The subject of our next lecture is Jihad. Thank you for your attention.

1 Tamara Sonn, Islam, A Brief History, 2nd edition, (Oxford: Wiley-Blackwell), 2010, p. 50.

2 Syed M. Naquib al-Attas, The Concept of Education in Islam: A Framework for an Islamic Philosophy of Education, (Jeddah: Hodder and Stoughton), 1979, p. 99.

3 Hamidullah, Khutabat-e-Bahaawalpoor (Essays of Bahaawalpoor), (Islamabad: Idarah Tahqiqat Islami), 1997, pp. 202-205

4 George Makdisi, The Rise of Humanism in the Classical Islam and the Christian West, (Edinburgh: Edinburgh University Press), 1990, pp. 40-50.

5 E. Ihsanoglu and F. Gunergun (eds.), Science in Islamic Civilization, (Turkey: IRCICA), 2000, p. 1.

6 Ibid.

7 John Esposito, The Oxford Dictionary of Islam, (Oxford: Oxford University Press), 2003, p. 328.

8 Hugh Goddard, A History of Christian-Muslim Relations, (Edinburgh: Edinburgh University press), 2000, p. 99.

9 Ahmad Shalaby, The History of Muslim Education, (Karachi: Indus Publication), 1979, pp. 57-69.

10 Howard R. Turner, Science in Medieval Islam, (Austin: University of Texas Press), 1997, p.33.

11 Seyyed Hossein Nasr, Traditional Islam in the Modern World, (London: KPI), 1987, p. 123.

12 Zaid bin Ngah, The Practice of the Prophet Muhammad in Tarbiyah: Its significance for the formation of the first Muslim community, (M.Phil: University of Birmingham), 1996, p. 34.

13 Abdalhaqq and Aisha Bewley, The Noble Qur’an: a New Rendering of Its Meaning in English, (London: Ta-Ha Publishers), 2011, Sūrat al-Isrā’ 17:24.

14 Sūrat al-‘Alaq 96:4-5.

15 ‘Abd ar-Rahman al-Qasim (comp. and ed.), Ibn Taymiyya Fatawa, Vol. 18, (Beirut: Dar al-Kutub al-Ilmiyyah), 1398 AH, p. 375 and also see Muhammad al-Zarkashi, Ibn Taymiyya Fatawa, (Beirut: Dar al-Kutub al-Ilmiyyah), 1406 AH, p. 160. Also see Syed M. Naquib al-Attas, The Concept of Education in Islam: A Framework for an Islamic Philosophy of Education, (Jeddah: Hodder and Stoughton), 1979, p. 144.

16 Abu Muhammad ibn Yazid ibn Majah al-Rabi al-Qazwini, Sunan Ibn Majah, Kitāb al-‘Ilm, No. 224, (Beirut: Dar al-Maarifah), 1996. Also see Muhammad ibn ‘Abdullah Khatib at-Tabrizi, Abdul Hameed Siddiqui (tr.), Mishkat al-Masabih, Kitāb al-‘Ilm, Vol. 1, No. 218, (Lahore: Islamic Publication Ltd.), 1979, p. 136.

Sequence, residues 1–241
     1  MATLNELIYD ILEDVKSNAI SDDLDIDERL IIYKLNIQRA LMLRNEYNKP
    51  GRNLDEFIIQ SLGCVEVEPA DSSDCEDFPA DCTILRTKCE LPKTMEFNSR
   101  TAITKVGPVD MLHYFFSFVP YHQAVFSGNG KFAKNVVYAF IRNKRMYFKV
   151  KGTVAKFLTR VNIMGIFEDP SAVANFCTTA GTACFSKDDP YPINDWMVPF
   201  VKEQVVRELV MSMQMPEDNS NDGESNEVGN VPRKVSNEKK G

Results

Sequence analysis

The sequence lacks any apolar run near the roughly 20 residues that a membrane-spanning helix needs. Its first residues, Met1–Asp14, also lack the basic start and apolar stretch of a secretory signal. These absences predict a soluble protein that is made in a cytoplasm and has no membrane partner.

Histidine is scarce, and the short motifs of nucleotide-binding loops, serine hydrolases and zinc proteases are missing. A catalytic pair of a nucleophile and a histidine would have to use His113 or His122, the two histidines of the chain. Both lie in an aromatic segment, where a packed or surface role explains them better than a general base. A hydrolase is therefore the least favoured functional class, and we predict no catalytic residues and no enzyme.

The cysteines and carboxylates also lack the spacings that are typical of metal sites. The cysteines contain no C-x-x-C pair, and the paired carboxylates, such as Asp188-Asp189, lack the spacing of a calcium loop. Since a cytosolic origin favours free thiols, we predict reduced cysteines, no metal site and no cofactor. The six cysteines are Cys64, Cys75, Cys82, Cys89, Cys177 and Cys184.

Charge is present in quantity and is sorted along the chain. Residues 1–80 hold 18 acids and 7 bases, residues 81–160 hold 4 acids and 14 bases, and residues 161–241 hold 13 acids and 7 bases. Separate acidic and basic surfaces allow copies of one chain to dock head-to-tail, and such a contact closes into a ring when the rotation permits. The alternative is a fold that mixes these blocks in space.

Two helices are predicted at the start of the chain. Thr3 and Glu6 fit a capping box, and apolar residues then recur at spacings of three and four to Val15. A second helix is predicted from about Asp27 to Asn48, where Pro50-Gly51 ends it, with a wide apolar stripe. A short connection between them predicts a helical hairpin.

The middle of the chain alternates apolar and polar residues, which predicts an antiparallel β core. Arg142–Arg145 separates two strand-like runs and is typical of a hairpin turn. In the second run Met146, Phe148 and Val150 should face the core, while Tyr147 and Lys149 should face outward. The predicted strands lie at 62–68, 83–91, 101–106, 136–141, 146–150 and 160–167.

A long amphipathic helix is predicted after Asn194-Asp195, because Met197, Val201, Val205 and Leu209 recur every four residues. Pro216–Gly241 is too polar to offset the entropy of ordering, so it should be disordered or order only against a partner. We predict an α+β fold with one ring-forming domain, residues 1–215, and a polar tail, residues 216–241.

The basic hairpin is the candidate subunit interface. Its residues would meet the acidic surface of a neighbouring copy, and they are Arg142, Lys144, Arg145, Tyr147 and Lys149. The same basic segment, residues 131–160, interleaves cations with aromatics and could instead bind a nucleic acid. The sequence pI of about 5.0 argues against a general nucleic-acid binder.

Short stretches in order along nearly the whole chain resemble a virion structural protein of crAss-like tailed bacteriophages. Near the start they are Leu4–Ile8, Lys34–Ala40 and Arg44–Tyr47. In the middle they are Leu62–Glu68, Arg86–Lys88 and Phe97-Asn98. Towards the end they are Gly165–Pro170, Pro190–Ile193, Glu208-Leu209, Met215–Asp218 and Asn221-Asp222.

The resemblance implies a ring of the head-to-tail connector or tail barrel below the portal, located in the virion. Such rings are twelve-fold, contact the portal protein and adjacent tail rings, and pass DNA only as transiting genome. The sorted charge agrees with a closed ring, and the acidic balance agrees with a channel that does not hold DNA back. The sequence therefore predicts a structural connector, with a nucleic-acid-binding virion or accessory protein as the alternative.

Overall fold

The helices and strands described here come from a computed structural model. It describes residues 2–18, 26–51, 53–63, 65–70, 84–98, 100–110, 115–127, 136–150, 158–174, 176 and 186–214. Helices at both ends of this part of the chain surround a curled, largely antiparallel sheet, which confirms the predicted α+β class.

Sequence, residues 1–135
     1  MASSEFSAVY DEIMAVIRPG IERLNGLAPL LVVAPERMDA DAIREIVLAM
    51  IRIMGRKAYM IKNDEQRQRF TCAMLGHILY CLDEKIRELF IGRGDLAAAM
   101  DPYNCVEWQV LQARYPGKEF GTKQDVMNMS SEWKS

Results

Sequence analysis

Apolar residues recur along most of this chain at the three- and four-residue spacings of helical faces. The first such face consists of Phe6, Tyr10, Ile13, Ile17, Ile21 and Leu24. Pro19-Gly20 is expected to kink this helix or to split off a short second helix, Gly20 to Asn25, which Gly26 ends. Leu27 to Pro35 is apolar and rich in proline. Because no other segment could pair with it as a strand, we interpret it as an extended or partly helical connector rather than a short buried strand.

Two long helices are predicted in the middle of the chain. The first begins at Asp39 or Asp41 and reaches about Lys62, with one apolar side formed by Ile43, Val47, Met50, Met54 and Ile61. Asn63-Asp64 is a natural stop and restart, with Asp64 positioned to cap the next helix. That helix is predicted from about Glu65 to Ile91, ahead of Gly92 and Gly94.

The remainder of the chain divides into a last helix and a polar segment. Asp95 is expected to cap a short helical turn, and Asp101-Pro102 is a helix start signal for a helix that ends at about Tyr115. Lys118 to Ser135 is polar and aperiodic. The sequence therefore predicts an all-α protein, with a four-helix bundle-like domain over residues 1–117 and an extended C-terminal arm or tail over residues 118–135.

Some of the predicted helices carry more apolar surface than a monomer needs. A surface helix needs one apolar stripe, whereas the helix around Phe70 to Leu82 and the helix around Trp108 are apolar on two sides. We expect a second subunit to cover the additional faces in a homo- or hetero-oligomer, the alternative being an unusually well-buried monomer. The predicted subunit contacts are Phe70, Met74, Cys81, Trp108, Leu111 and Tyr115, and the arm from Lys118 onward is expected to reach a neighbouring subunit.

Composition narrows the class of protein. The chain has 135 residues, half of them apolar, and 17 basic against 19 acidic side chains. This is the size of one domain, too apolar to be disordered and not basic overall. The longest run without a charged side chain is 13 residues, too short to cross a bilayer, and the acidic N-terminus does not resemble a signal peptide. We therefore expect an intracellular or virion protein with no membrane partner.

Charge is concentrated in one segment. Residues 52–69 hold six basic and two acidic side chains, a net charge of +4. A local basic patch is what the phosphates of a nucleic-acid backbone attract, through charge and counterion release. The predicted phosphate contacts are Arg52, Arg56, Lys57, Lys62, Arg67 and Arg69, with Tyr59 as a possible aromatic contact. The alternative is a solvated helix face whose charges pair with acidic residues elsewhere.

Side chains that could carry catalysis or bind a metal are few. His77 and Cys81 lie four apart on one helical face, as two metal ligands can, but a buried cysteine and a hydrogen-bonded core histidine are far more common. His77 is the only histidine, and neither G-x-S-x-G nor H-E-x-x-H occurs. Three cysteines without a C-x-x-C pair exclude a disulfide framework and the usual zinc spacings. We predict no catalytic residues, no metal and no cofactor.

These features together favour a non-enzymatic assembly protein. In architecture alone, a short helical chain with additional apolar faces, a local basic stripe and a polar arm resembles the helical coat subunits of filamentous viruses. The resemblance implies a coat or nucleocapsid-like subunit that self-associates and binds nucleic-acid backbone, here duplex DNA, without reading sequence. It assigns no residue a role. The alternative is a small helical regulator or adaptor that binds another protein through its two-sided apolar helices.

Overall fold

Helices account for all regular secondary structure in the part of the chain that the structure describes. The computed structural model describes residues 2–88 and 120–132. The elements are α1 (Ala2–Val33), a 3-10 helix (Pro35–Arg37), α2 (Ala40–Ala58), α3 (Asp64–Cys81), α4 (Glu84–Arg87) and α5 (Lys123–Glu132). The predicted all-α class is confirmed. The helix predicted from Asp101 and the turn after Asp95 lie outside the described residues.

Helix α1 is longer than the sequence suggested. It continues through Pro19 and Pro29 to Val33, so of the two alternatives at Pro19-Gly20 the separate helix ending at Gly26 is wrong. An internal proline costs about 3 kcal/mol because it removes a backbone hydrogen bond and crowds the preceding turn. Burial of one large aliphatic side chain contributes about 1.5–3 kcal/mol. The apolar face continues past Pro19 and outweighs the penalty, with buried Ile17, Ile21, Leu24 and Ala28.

17 Both men and women are intended by the hadith. 

18 Abu Dawoud, Ahmad Hasan (tr.), Sunan Abu Dawoud, Kitāb al-‘Ilm, Chapter 1369, No. 3634, Vol. III, (New Delhi: Al-Madinah Publications), 1985, p. 1034.

19 Muhammad bin Ismail bin al-Mughira al-Bukhari, Muhammad Muhsin Khan (tr.), Sahih al-Bukhari -The translation of the meaning of Sahih al-Bukhari, Book of the Companions of the Prophet, No. 104, Vol. 5, (New Delhi: Kitab Bhavan), 1984.

20​​ Muhammad ibn Ismail ibn al-Mughira al-Bukhari, Muhammad Muhsin Khan (tr.), Sahih al-Bukhari The translation of the meaning of Sahih al-Bukhari, Kitāb al-Adab, No. 50, Vol. 8, (New Delhi: Kitab Bhavan), 1984.

21 Abu Dawoud, Ahmad Hasan (tr.), Sunan Abu Dawoud, Kitāb al-Aṭ‘imah, Chapter 1418, No. 3755, Vol. III, (New Delhi: Al-Madina Publications), 1985, p. 1063.

22 Abu Dawoud, Ahmad Hasan (tr.), Sunan Abu Dawoud, Kitāb al-Aṭ‘imah, Chapter 1423, No. 3768, Vol. III, (New Delhi: Al-Madina Publications), 1985, p. 1063.

23 Nakosteen, op. cit., p. 45.

24 Munir-ud-din Ahmed, Muslim Education and the Scholar’s Social Status up to the 5th century Muslim Era, (Zurich: Verlag Der Islam), 1968, p. 53.

25 Muhammad al-Sheri, The Concept of Tarbiyah by Imam Malik ibn Anas, (Mecca: Umm al-Qura, 2012), p.123.

26 Muhammad al-Kandahawi, Hayat ul-Sahabah Vol. 3, (Beirut: Al-Risalah, 1999)  

27 Al-Tirmidhi Hadith nr. 1954